Health Services

Head Injuries: What to Watch for Afterward

What are the main causes of head injuries?
Head injuries are caused by a blow to the head suffered in a bicycle or motorcycle accident, falls or during a sporting event. The most common type of head injury is a concussion.

What happens after the injury?
It's normal to have a headache and nausea, and feel dizzy right after a head injury. Other symptoms include ringing in the ears, neck ache, and feeling anxious, upset, irritable, or tired.

The person who has had a head injury may also have problems concentrating, remembering things, putting thoughts together or doing more than one thing at a time. These symptoms usually go away within one or two weeks.

You should not return to any sports activities until cleared by a medical provider. If you are doing any physical activity that causes worsening headache or dizziness, you should stop that activity immediately.

Does medicine help?
The treatment for a concussion or head injury is rest. If you have a headache you can take acetaminophen (Tylenol). Always ask your health care provider before you take any medication if you've had a concussion.

What about memory loss?
It's common for someone who's had a head injury to forget the events right before, during and right after the accident. Memory of these events may never come back. Following recovery, the ability to learn and remember new things almost always returns.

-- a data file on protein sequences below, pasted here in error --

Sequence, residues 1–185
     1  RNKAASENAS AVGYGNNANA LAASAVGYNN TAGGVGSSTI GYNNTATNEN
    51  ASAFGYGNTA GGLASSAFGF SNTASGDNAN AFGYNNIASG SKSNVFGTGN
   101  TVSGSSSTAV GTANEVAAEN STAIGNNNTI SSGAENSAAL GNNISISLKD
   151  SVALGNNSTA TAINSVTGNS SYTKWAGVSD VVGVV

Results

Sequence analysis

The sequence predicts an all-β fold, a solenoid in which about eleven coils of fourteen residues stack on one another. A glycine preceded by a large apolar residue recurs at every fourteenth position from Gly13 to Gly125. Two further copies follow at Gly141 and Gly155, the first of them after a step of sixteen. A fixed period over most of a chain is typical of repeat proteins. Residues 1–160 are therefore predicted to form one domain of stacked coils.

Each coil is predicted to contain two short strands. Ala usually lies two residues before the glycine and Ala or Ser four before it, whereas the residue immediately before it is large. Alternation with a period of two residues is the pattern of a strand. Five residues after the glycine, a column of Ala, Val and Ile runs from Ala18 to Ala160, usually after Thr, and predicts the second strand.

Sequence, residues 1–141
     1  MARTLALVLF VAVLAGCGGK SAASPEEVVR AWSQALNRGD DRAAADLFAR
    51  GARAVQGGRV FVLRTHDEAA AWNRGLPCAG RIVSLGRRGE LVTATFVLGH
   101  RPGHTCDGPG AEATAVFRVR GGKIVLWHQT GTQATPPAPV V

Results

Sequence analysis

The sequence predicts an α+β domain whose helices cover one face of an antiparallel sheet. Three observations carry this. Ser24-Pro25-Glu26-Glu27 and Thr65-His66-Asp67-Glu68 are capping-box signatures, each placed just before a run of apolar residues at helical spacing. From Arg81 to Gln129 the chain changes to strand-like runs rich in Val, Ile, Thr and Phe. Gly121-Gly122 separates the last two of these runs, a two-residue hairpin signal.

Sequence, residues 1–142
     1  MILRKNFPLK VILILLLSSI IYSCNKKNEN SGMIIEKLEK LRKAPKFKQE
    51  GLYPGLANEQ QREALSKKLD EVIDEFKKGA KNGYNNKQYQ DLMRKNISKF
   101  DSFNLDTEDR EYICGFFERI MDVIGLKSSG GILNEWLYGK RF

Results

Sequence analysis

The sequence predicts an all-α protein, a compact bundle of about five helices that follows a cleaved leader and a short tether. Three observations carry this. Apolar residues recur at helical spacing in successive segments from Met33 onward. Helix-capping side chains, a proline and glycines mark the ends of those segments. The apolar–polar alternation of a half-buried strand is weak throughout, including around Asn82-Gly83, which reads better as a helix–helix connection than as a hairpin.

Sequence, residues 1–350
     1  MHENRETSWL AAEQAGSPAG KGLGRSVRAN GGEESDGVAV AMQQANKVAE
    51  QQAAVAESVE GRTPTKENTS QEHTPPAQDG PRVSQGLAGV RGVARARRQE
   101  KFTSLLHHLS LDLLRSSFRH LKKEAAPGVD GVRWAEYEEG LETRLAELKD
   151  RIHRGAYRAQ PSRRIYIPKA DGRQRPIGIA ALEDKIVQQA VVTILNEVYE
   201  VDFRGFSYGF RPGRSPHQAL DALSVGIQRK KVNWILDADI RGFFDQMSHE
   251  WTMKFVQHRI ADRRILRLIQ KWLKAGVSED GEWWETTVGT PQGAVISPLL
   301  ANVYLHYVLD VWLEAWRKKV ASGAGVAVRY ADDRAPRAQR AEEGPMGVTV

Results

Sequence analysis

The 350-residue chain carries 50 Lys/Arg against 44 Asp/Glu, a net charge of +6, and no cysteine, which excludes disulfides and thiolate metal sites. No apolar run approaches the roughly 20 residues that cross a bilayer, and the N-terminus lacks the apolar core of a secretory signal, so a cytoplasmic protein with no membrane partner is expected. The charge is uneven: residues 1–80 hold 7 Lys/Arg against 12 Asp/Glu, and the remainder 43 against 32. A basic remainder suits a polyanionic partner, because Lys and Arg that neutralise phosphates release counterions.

Is it true that the person must be kept awake after the injury?
No. If your health care provider thinks you need to be watched this closely, you will probably need to be put in the hospital.

Sometimes, health care providers will send someone who has had a head injury home if the person with them is reliable enough to watch the injured person closely. In this case, your health care provider may ask you to wake the person frequently and ask questions such as "what's your name?" and "where are you?" to make sure everything is okay.

Get help if you notice

  • Any symptom that is getting worse, such as headaches, nausea or sleepiness
  • Nausea that doesn't go away
  • Changes in behavior, such as irritability or confusion
  • Dilated pupils (pupils that are bigger than normal) or pupils of different sizes
  • Trouble walking or speaking
  • Drainage of bloody or clear fluids from ears or nose
  • Vomiting
  • Seizures
  • Weakness or numbness in the arms or legs

If any of the above symptoms develop, call the health service immediately at 793-7467

If health services is closed, call:
Hahneman Family Health Center 508-334-8830 (ask for the doctor on call)
Campus Police x7575

Revised 05/05